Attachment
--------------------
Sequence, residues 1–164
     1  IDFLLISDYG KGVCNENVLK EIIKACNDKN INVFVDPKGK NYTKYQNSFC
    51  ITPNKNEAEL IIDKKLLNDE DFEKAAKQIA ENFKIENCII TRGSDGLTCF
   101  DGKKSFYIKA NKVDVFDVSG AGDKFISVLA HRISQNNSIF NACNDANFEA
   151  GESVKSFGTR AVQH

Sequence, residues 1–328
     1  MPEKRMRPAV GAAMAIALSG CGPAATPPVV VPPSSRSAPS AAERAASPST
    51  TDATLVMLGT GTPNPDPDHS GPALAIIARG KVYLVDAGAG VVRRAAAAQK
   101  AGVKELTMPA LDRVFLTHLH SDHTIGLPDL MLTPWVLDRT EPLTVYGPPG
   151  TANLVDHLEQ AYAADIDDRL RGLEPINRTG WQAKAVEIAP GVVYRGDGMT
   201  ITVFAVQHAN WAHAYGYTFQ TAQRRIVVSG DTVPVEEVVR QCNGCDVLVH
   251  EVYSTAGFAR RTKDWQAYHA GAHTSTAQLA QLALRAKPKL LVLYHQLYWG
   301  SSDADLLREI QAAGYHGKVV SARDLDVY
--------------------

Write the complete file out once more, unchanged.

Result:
Sequence, residues 1–164
     1  IDFLLISDYG KGVCNENVLK EIIKACNDKN INVFVDPKGK NYTKYQNSFC
    51  ITPNKNEAEL IIDKKLLNDE DFEKAAKQIA ENFKIENCII TRGSDGLTCF
   101  DGKKSFYIKA NKVDVFDVSG AGDKFISVLA HRISQNNSIF NACNDANFEA
   151  GESVKSFGTR AVQH

Sequence, residues 1–328
     1  MPEKRMRPAV GAAMAIALSG CGPAATPPVV VPPSSRSAPS AAERAASPST
    51  TDATLVMLGT GTPNPDPDHS GPALAIIARG KVYLVDAGAG VVRRAAAAQK
   101  AGVKELTMPA LDRVFLTHLH SDHTIGLPDL MLTPWVLDRT EPLTVYGPPG
   151  TANLVDHLEQ AYAADIDDRL RGLEPINRTG WQAKAVEIAP GVVYRGDGMT
   201  ITVFAVQHAN WAHAYGYTFQ TAQRRIVVSG DTVPVEEVVR QCNGCDVLVH
   251  EVYSTAGFAR RTKDWQAYHA GAHTSTAQLA QLALRAKPKL LVLYHQLYWG
   301  SSDADLLREI QAAGYHGKVV SARDLDVY